Redfoot Tortoise Care Sheet

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Well-Known Member
5 Year Member
Feb 20, 2016
Location (City and/or State)
Lewisville, Texas
NOTE: I do not keep redfoots, and I only have one tortoise in total. With this in mind, remember that I am in no way an expert, and this should not be used as cold hard proof of how to raise a redfoot. I used information from great keepers on this forum to put everything together.

This care sheet is not meant to be used as a complete guide, or your only source of information. Always use many sources when researching for an animal.

Species info
Scientific name-Chelonoidis carbonarius
Common name- Redfoot, red footed tortoise. Some color variations are unofficially called “cherry-head”.
Family- Testudinidae
Genus- Chelonoidis
Species- carbonarius
Lifespan- 80+ years

Social abilities- They do great Solitary or in groups of all females, or groups with at least three females and one male (but expect breeding). Pairs generally don’t work well.

Size- Varies greatly. Averages of 12-14 inches are normally seen, but it is not uncommon to find individuals 18 inches or larger.


Redfoots are a colorful, forest dwelling species of tortoise that are wonderful to keep and care for. They are quite docile, and, unlike other tortoises, thrive in groups. They are omnivorous, but only eat protien twice a month or so.

They are commonly kept for their nice temperament and pretty colors, and are a blast to keep for someone with the space.

There are also other ways to raise them, so always do your own research.


Redfoot tortoises live in the north of South America.


Many of these tortoises live in warm, humid rainforests, where the temperatures rarely fluctuate, and stay in the 80’s year round. The ground is usually blanketed in vegetation, and small amounts of sunlight are let through the canopy of trees.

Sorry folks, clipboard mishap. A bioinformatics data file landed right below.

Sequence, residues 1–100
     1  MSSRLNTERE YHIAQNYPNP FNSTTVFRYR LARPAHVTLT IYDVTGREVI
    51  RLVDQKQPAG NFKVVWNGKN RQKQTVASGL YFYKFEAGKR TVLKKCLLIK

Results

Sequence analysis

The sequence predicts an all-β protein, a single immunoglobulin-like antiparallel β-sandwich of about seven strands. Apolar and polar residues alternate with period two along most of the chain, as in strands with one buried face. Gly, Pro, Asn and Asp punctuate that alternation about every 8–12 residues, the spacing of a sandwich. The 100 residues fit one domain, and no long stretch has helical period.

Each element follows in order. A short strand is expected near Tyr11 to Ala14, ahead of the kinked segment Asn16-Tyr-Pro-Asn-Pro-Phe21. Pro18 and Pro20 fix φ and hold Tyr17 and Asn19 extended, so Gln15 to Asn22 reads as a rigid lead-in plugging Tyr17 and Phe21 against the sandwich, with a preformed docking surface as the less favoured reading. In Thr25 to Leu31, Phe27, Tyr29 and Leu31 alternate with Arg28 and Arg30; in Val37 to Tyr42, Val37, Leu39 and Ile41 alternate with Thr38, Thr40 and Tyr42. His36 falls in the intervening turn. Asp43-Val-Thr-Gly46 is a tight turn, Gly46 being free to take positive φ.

Little of the vegetation has much nutritional value, and there is lots of competition for it.


While redfoots are very docile, they, like most tortoises, are not very tolerant of frequent handling. It’s good to let them eat from your hand, pet their shells, touch their legs and head, etc., but I would not recommend taking them out of their enclosures and “snuggling” with them, or anything similar, for long periods of time. Tortoises are somewhat timid, and would rather be alone than be messed with.

Handling has a few benefits, the most important being ease of handling for vets, and for me, reducing the chance of being peed on every time you pick them up.

Never let your tortoise roam your floors, no matter how closely you’re watching. It is too cold, and so many things can go wrong.


Redfoots are very forgiving with diet, and in the wild, eat whatever they can find. Feed a large quantity of weeds and dark, leafy greens daily, enough so that there is always a little left over at the end of the day. Also include vegetables like shredded carrots, squash, sweet potatoes, etc.

While these are fruit eating tortoises, the fruits where they naturally live are much different than our sweet, sugary fruits. Fruits like cactus fruit, papaya, figs, hard melons, etc. are best, but they can also have fruits like strawberries, blueberries, apples, or any other sweet, edible fruit as part of a varied diet. Feed a piece of “good” fruit the size of the tortoise’s head once a day, or feed a larger amount a few times a week. Mix in “sugary” fruits for variety.

For protein, Redfoots generally eat invertebrates. They should be fed a small amount of earthworms, night crawlers, superworms, dubia roaches, snails, or slugs once or twice a month.

Don’t worry if the amounts aren’t exact, and be sure to feed a varied diet. Always check and see if a food item is edible if you are not sure.

Dust greens with calcium with D3/vitamins 2-3 times a week.

Be sure to have a large, shallow water bowl (Terra Cotta saucer) available at all times.

A hatchling redfoot can be kept in a 40 gallon tank or tub with a completely closed top (which should last only a few months with proper care), but it is preferable to buy or make your own closed chamber. A good size for hatchlings is 4x2 feet, which should last around a year.

After they outgrow the hatchling enclosure, it is best to put them in an adult sized enclosure, but you can also move them to larger enclosures as they grow.

An adult should have a BARE minimum enclosure size of 8x4 feet (bigger being much better) if being housed indoors. It is preferable to house them in a closed chamber, but they can be housed in tortoise tables if full grown. However, it is so much better for adults to be housed outside year round. They can live in outdoor sheds with access to outside year round if in a cold climate.